The Truth about Insecurity


Photo by Javardh on Unsplash

I’m not the most secure person– I second-guess myself, question my talent, doubt my abilities, and undermine myself. I’m only human after all, I think we all do this more than we realize.

When I published my book two years ago, I didn’t think anyone would read it, let alone like anything I had to say. I did it to just get my work out there.

When I committed to Week of Welcome, I didn’t think my WOWies would like me, I figured I would be just another person in their lives to fit into the collage of what Cal Poly becomes to them.

And two weeks ago when I took a photo holding a whiteboard, my loopy handwriting scrawling across, containing words that I felt defined me, I wanted to take that photo back. I felt awkward, not at all cute like I had hoped, I thought the lighting would be off, and my whiteboard was so much less creative or cool than anyone else’s.

Then became a published author, I turned out to be a great WOW leader whose WOWies love me (so they say), and I took that photo and I shared it on Facebook to let in the flood of reactions that may or may not go to my head. I got proven wrong.

Because more often than not, what we do will always matter to someone.


Photo by Parker Johnson on Unsplash

So why do we hesitate to do it?

I’m talking about voting… Why does it seem like my generation doesn’t vote? Possibly because we feel like whatever actions we take don’t matter. Quite frankly, whether we vote or not, it makes a difference. Because it can so easily come down to one vote, just like it did at my University two weeks ago when voting to suspend the fraternity who committed the blackface offenses last year. It came down to one.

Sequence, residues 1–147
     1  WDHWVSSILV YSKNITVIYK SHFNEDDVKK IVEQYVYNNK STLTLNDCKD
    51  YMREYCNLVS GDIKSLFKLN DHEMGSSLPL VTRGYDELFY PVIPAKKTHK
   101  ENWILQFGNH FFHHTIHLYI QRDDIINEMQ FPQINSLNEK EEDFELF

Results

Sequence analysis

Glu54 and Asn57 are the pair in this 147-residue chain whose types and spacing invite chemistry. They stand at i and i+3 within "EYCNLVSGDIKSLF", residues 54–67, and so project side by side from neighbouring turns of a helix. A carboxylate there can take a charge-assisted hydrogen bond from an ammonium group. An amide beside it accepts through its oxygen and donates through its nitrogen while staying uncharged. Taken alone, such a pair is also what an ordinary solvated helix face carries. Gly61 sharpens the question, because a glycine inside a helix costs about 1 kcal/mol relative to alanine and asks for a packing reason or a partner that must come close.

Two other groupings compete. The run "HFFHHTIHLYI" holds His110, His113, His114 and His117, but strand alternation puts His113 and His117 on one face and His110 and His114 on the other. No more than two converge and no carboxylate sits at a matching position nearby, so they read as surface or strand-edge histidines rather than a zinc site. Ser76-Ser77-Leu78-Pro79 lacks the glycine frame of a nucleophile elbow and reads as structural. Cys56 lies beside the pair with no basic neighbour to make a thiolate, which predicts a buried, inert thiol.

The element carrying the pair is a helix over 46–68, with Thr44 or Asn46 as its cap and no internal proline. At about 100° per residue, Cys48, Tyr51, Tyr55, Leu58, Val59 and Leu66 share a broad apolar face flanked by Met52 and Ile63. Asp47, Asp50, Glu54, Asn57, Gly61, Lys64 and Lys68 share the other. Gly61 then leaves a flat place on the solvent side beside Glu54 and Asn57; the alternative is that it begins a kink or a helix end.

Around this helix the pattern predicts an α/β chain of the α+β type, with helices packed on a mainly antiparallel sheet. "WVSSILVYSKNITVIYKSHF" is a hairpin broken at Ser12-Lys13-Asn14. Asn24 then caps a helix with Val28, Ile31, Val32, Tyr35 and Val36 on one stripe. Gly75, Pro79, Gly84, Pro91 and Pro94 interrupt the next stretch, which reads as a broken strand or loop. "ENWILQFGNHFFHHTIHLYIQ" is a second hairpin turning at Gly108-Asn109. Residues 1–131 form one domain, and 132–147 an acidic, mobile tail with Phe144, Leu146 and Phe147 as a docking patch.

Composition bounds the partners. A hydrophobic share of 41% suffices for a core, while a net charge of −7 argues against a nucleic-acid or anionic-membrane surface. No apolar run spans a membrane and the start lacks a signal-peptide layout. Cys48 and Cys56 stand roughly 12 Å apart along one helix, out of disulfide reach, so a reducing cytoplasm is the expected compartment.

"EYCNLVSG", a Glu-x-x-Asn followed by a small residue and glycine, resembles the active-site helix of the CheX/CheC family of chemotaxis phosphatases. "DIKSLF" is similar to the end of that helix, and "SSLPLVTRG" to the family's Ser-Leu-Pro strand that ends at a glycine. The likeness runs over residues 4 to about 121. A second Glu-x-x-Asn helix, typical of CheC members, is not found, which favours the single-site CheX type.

We could be that one, if we used our rights and our privileges to do something about it. Trust me, with the way the government is turning these days, this matters.

I’m also talking about education, and not just in schools. Schools have their own systemic issues that need to be addressed, right now let’s focus on us. I mean in our everyday lives when we see something wrong, a microagression here or casual sexual harassment there; it’s our job to say something. So maybe the Brett Kavanaughs of the world are stopped before they get nominated for the Supreme Court.

Isn’t one injustice enough to see that something is wrong?

In the end, I’m really just talking about society. The way so many of us seem to put our jobs or our schoolwork or our accomplishments up for judgement when deciding whether or not we are doing enough.


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It comes down to how well we do our work, how many positive comments we get back about a presentation, or  the GPAs I know that it feels like college students need if they’re going to get anywhere.

We need to realize that our securities– how we feel about our accomplishments or our voices or our knowledge– all come down to one person: ourselves.

If we feel like our voices don’t matter in voting, do it anyway. Then do it again. And again. And again. Keep proving yourself wrong; one voice can be all it takes to hear the right words.

If we feel like what we know isn’t everything we need to know, keep learning, keep reading, and keep the doors open for finding something new. The day we stop learning is the day a part of our lives gets left behind.

And if we feel like what we do, who we are, or the life we hold isn’t enough…

Surround yourself with people who never make you feel the need to be more than you are, remind yourself that there is only one of you and being 1/7.44 billion is okay.


Photo by sydney Rae on Unsplash